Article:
Site Remediation for Crop Production

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1 Understanding Headland Stacked Poultry Manure - 3 February 29 Stockpiling Manure and Soluble Salts: Site Remediation for Crop Production Paul Kivlin, UW Nutrient & Pest Management Specialist; Dennis Frame, Professor UW-Extension; Fred Madison, Professor of Soil Science UW-Madison; JoAnn Opsal, Student Intern In 23, UW Discovery Farms initiated a study to investigate the potential for contaminants to move from headland stacks of poultry manure into waters of the state. The UW Discovery Farms Program worked with the poultry industry and the Department of Natural Resources (WI-DNR) on a research design which would provide answers to the questions of environmental risks. To implement the study, UW Discovery Farms worked closely with staff from the Nutrient and Pest Management Program (NPM) to conduct three separate trials which provided information on the: Characterization of Poultry Manure; Potential Runoff of Stacked Poultry Manure; Stockpiling Manure and Soluble Salts: Site Remediation for Crop Production; Stockpiled Poultry Manure This fact sheet contains additional information and data gained through the second phase of the study and is the third fact sheet of the four-part series Effect of Headland Stacking of Poultry Manure on Groundwater. During Phase Two of this study, many livestock producers that have stacked manure in the field asked the same question; when a pile of manure has been in place for a period of time, why is it difficult to establish crops on the stacking site? The observed inhibition of plant growth is of concern to producers and to the regulatory community. Because of this interest, Phase 2 of the study was modified to evaluate this question.

2 Study Site A study site was selected that had characteristics and soils meeting WI-DNR permit criteria. A typical headland stack of poultry litter consisting of manure and bedding (6 feet high by 12 feet wide by 1 feet long) was placed on the site; that stack remained in place for one year, which is the longest period of time a stack is allowed to stay in place under the conditions of most CAFO permits. The soil on the site was a Jewett silt loam; this soil has a high water holding capacity and moderate permeability. Tests on soil samples taken at the site prior to stacking indicated a ph of 7.4, 3.3 percent organic matter, 3 ppm phosphorus, and 114 ppm potassium. The WI-DNR verified the site as a suitable location for headland stacking. The previous crop in the field was soybeans. Figure 1 shows the construction of the poultry manure stack. Methods The soil at the site was sampled before the stack was established and after the manure was removed. Soil samples were taken in the center of the stacking site where the depth of the pile was the greatest and at the edge of the stack around the entire perimeter. Soil samples were analyzed for a range of constituents including total nitrogen, nitrate, ammonium, phosphorus, potassium, manganese, and other soluble salts. Though somewhat peripheral to the main objectives of the study, these data were collected to address grower concern about the difficulties they often encounter in their efforts to establish crops on stacking sites after the manure is removed. After one year the manure stack was deconstructed and the manure was applied to the surrounding cropland. Figure 1. Piling Poultry Manure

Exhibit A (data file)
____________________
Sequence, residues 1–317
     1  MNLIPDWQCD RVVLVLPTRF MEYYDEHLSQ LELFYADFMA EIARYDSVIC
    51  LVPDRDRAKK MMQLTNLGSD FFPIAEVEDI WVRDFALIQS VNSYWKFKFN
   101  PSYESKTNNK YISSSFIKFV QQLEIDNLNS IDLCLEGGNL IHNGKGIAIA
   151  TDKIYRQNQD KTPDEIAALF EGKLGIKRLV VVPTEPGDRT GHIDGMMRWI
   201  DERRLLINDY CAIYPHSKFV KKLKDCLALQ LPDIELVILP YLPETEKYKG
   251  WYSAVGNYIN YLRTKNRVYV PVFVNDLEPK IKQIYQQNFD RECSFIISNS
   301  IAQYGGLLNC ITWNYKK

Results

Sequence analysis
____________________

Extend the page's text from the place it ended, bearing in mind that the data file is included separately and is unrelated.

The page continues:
3 Results and Discussion Post stacking soil analysis results revealed high levels of soluble salts, primarily ammonium, potassium, and manganese, in the upper soil profile (Figures 2-5). The presence of these salts at their elevated levels can lead to toxic conditions for germinating seeds and would largely account for the lack of plant growth on previous manure stacking sites. Because of the solubility of these accumulated salts, over a period of time (and a number of precipitation events), they are flushed from the soil and productivity returns. The high level of ammonium in the center of the stack in the upper 12 inches of the soil profile probably occurs because of the lack of oxygen and the interaction between the soil and manure as moisture moves between the stack and the soil. There are concerns that this ammonium could present a potential groundwater threat if it converts to nitrate and moves through the soil. The potential effects on groundwater are the subject of the third phase of this study and will be reported on in a separate factsheet While manure stack sites have not been extensively researched, plant growth inhibition associated with heavy/ repeated manure applications has been well documented and are not necessarily linked to animal species. Adriano et al. 1 described lower germination and plant growth after exposure to dairy manure and concluded that high salt levels and ammonium toxicity were the cause. Murphy et al. 3 found large increases in soil sodium and potassium following high applications of beef manure which resulted in yield reductions in corn silage that were attributed to high salt levels and ammonium toxicity. Mathers and Stewart 2 and Reddell et al. 4 also found reduced yields associated with heavy beef manure application. Though salt build up and ammonium toxicity are the commonly cited reasons for reduced plant growth, other factors may play a role. Schuman and McCalla 5 found that certain organic acids present in fresh beef manure could also reduce seed germination and seedling growth. Shortall and Liebhardt 6 reported that heavy applications of poultry litter produced salinity levels in the soil that reduced crop yields. The ph of the soil was also tested during this study (Figure 6). Surprisingly, there was little variation in ph levels before the headland stack was established and after it was removed. The consistency of the results suggests that changes in soil ph are not a factor in the lack of plant growth after a manure stack has been removed. Soluble Salts (mhosx1-5/cm) Figure 2. Surface Water Study - Soil Analysis Soluble Salts K (ppm) Figure 3. Surface Water Study - Soil Analysis Potassium 2 8 Mn (ppm) NH4-N (ppm) Figure 4. Surface Water Study - Soil Analysis Manganese Figure 5. Surface Water Study - Soil Analysis Ammonium